1. Migration terminology is used to describe the mobility of individuals from one location to another.

2. NSSO (National Sample Survey Office) organisation provides estimates of magnitude of unemployment on the basis of different concepts including usual status unemployment, current weekly status unemployment and current daily status Unemployment?

3.World Bank segregated the contribution of agricultural sector to the overall economic growth into four distinct categories namely – product contribution, market contribution, factor contribution and foreign exchange contribution.

4. “Land Ceiling legislation” is classified under State list of the scheme of distribution of legislati ve power between union and state.

5.Name an agency providing institutional credit to agricultural sector.

Ans: NABARD (National Bank for Agriculture and Rural Development).

6Service Sector sector among the three sectors namely service, agriculture and industrial sector is the fastest growing sector in India during the last decade.

Ans: TRAI (Telecom Regulatory Authority of India) is responsible for the regulation of telecom services in India.

7.Department of Telecommunications (DoT). department is responsible for policy formulation with regard to telecom sector in India.

8.Professor P.C. Mahalanobis was the architect of Second five year plan of India

10.First Industrial Policy Resolutions (IPR) was declared in the year1948 


1.What do you mean by Occupational structure?

Ans: Occupational structure refers to the distribution of the workforce across various occupations and industries in a society. It reflects the composition of employment in terms of different types of jobs and sectors, providing insights into the diversity of economic activities.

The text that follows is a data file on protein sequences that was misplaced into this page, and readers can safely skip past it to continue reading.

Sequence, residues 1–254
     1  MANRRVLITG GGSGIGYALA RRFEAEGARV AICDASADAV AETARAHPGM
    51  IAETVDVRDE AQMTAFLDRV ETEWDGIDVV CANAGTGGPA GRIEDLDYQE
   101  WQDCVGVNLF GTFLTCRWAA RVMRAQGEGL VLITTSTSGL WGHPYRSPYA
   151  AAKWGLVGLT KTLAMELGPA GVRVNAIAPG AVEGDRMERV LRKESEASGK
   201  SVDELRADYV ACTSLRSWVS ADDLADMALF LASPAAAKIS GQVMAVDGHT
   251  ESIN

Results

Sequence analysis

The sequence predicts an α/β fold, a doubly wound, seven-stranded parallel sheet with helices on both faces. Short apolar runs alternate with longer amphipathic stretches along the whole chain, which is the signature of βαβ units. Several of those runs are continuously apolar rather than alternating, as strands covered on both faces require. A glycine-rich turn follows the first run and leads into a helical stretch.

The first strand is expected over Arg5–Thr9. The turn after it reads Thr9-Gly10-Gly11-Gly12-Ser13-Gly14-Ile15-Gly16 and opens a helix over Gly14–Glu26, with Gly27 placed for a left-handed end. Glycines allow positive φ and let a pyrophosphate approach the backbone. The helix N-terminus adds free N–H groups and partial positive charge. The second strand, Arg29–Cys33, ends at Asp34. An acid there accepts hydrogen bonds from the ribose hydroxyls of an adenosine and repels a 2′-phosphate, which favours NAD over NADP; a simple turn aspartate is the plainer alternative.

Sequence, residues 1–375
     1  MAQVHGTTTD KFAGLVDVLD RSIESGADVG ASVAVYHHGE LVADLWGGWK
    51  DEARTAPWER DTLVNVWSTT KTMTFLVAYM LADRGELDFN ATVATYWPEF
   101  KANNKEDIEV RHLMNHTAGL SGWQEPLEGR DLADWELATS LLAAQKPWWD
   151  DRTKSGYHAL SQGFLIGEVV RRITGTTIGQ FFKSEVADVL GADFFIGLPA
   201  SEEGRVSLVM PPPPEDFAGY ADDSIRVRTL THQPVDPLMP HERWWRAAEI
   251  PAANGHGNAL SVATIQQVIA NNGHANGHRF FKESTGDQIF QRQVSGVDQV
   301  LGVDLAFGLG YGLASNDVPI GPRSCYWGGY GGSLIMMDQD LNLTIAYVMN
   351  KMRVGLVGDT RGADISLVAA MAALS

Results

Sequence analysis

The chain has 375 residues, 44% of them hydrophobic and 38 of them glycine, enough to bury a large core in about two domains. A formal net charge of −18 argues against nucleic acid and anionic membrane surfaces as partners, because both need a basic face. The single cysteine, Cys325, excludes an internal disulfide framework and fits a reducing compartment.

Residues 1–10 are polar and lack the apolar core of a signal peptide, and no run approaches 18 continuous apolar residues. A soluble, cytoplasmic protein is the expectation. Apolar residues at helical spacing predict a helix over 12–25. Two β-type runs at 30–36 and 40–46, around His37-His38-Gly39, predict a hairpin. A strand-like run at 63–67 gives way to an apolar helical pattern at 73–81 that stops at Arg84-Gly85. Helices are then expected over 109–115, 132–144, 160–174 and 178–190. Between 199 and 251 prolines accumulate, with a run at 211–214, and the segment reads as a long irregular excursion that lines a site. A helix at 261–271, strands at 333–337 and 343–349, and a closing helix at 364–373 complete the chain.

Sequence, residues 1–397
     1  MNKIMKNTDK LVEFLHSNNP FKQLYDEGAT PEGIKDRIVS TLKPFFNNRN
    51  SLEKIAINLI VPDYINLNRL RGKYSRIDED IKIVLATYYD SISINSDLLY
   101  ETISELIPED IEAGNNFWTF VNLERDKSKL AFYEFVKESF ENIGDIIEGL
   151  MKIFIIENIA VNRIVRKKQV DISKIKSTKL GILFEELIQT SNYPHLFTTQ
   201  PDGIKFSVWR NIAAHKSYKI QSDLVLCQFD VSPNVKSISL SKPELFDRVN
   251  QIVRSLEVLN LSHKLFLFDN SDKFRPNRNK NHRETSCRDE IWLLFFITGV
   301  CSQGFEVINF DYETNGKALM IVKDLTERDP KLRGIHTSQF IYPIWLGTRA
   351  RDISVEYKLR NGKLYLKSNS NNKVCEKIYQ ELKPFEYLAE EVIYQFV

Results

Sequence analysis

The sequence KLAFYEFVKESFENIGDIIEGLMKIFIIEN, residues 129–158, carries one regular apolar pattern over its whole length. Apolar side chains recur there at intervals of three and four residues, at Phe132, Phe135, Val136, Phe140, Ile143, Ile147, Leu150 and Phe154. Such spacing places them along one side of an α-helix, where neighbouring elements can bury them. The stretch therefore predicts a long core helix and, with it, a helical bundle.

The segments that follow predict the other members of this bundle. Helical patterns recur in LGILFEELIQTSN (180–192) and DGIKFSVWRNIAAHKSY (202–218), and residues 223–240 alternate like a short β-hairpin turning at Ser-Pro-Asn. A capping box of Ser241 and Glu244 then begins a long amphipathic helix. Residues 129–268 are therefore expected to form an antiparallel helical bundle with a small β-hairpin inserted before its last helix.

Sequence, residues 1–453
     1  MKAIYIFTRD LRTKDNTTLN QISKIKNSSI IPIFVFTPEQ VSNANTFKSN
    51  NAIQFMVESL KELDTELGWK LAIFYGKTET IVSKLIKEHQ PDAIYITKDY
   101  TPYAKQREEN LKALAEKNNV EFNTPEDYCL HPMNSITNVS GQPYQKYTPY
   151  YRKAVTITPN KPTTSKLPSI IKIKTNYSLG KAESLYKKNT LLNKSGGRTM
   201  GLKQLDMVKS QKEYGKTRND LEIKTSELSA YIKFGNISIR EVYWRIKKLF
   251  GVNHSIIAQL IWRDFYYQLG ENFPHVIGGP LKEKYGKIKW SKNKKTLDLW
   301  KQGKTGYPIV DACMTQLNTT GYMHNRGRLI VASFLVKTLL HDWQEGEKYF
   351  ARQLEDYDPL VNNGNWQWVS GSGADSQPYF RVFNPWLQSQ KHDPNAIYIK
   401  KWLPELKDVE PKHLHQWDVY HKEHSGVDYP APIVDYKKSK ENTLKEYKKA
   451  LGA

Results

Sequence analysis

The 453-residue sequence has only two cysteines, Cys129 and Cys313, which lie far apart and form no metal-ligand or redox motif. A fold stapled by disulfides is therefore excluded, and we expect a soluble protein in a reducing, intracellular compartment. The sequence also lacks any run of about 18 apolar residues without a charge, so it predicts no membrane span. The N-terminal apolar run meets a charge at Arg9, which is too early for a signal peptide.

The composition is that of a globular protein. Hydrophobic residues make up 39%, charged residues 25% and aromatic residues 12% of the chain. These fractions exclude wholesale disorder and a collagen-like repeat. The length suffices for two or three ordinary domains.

2.Define Crude birth rate.

Ans: Crude Birth Rate is the number of live births per 1,000 people in a population within a specific time frame, usually a year. It gives a general overview of the birth trends in a population without considering age or sex differences.

3.What do you mean by “pricing efficiency in the context of agricultural products?

Ans: Pricing efficiency in agriculture refers to the effectiveness of the pricing mechanism for agricultural products. It involves fair and transparent pricing that reflects market conditions, production costs, and ensures reasonable returns for farmers. Efficient pricing helps in balancing supply and demand, promoting sustainability, and creating a fair income for agricultural producers.

4.What do you mean by industrial sickness?

Ans: Industrial sickness refers to the condition where a industrial unit or company faces financial distress and operational difficulties to the extent that it becomes unable to meet its financial obligations, often leading to its decline or closure. Factors like mismanagement, inadequate resources, or external economic challenges can contribute to industrial sickness.

5.What do you mean by heavy industry?

Ans: Heavy industry refers to sectors of the economy that involve the production and manufacture of large, heavy goods and products, typically involving complex and capital-intensive processes. This includes industries such as steel, machinery, chemicals, and aerospace, where the production processes require significant infrastructure, machinery, and investments.

6.What do you mean by Poverty line?

Ans: The poverty line is a threshold or income level used to define the minimum income required for an individual or a family to meet their basic needs and maintain a decent standard of living. People or households earning below this line are considered to be living in poverty. The poverty line varies by country and is often determined based on factors like the cost of food, housing, education, and other essential expenses.

7.What do you mean by Regional Imbalance?

Ans: Regional imbalance refers to the uneven distribution of economic activities, resources, and development across different geographic areas within a country. It indicates disparities in infrastructure, employment opportunities, income levels, and overall development between regions. Addressing regional imbalances often involves policies and initiatives aimed at promoting more equitable distribution of resources and development opportunities to ensure balanced growth across various regions.

8.Mention any two important problems arising out of the partition of the country.

Ans: Two significant problems arising from the partition of the country were the mass migration and displacement of people between India and Pakistan, leading to communal tensions and violence. Another challenge was the division of economic assets and resources, creating economic disruptions and impacting the overall development of the newly formed nations.

9.What do you mean by BPO Services?